Peloton also had a rough break after recalling its treadmill following reports of injuries to pets and young children, including one human fatality. Treadmills in general are dangerous without safeguards, but Peloton became headline fodder for the wrong reasons as the top brand in premium home fitness. 

I still like Peloton's chances. There were a record 2.5 million connected fitness subscribers by the end of September. Peloton has experienced two quarters of sequential dips in revenue and total workout sessions, but it's certainly not a quarter of the company it was a year ago. And COVID-19 may not be going away anytime soon. During last week's market sell-off of growth stocks, Peloton shares marched in place. It seems to be bottoming out here. 

Teladoc

Another stock that hasn't fared well coming out of the pandemic is Teladoc. It was a market darling in 2020 as folks turned to videoconferencing for consultations with doctors, psychiatrists, wellness coaches, and other medical professionals. The stock tumbled in 2021 as medical offices began welcoming patients again, but something tells me folks have been spoiled by not having to dress up, head out to a waiting room, and waste what could be hours for something that can be done in minutes online without ever leaving the home or office. Companies are also embracing telehealth as a way to remain productive.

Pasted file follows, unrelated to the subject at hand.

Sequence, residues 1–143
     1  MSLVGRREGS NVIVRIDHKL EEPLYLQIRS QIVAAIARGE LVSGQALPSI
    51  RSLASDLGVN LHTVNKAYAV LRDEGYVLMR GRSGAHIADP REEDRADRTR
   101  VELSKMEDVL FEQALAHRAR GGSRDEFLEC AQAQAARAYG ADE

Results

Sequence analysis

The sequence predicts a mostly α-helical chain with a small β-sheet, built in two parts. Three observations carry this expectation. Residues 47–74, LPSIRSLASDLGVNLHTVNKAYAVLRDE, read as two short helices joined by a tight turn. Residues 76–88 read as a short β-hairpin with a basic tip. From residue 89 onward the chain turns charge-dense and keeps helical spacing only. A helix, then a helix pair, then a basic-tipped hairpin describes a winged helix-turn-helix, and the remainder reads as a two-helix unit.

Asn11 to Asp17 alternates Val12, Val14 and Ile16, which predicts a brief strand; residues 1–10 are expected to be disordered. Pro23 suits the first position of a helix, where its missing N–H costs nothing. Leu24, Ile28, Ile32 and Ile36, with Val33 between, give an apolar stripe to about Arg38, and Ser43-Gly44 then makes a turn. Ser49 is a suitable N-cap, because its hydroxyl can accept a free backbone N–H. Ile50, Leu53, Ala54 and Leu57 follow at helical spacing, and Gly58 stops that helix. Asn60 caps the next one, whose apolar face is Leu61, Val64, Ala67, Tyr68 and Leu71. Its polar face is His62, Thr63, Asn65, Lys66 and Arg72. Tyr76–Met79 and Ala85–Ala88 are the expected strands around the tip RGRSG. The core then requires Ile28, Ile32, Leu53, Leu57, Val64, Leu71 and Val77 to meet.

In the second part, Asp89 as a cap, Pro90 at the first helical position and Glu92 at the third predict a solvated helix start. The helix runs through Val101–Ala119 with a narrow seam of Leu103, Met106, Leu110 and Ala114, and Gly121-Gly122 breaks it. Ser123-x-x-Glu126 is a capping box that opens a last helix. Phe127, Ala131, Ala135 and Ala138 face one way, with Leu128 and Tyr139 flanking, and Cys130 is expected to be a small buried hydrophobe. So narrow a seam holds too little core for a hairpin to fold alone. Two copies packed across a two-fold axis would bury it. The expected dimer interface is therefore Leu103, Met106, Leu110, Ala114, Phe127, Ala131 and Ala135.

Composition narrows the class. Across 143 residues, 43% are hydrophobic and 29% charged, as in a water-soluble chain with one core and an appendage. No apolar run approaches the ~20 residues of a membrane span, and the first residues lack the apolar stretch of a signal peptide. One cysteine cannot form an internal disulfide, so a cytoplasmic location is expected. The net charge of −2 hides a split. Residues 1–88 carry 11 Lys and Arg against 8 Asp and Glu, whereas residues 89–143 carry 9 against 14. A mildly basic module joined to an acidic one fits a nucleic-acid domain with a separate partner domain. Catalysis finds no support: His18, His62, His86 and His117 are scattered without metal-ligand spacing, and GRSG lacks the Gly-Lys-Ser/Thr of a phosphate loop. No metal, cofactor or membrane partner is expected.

Telemedicine isn't going away, and neither is Teladoc. The currently out-of-favor company is telling investors it expects to deliver $2.6 billion in revenue this year, up from roughly $2 billion in 2021. It's eyeing $4 billion on the top line come 2024. Like Peloton, Teladoc is another stock that should be trading higher with a rise in COVID-19 cases -- but it's well positioned to continue being the picture of health when we get past the pandemic.

Zillow, Peloton, and Teladoc continue to be promising growth stocks. Their core businesses remain strong, and they are reasonable candidates to at least double this year to begin making back the ground they lost in 2021.

Should you invest $1,000 in Zillow Group, Inc. right now?

Before you consider Zillow Group, Inc., you'll want to hear this.

Our award-winning analyst team just revealed what they believe are the 10 best stocks for investors to buy right now... and Zillow Group, Inc. wasn't one of them.

The online investing service they've run for nearly two decades, Motley Fool Stock Advisor, has beaten the stock market by over 4X.* And right now, they think there are 10 stocks that are better buys.

See the 10 stocks

*Stock Advisor returns as of January 10, 2022

This article represents the opinion of the writer, who may disagree with the “official” recommendation position of a Motley Fool premium advisory service. We’re motley! Questioning an investing thesis -- even one of our own -- helps us all think critically about investing and make decisions that help us become smarter, happier, and richer.

Rick Munarriz owns Teladoc Health. The Motley Fool owns and recommends Peloton Interactive, Teladoc Health, Zillow Group (A shares), and Zillow Group (C shares). The Motley Fool has a disclosure policy.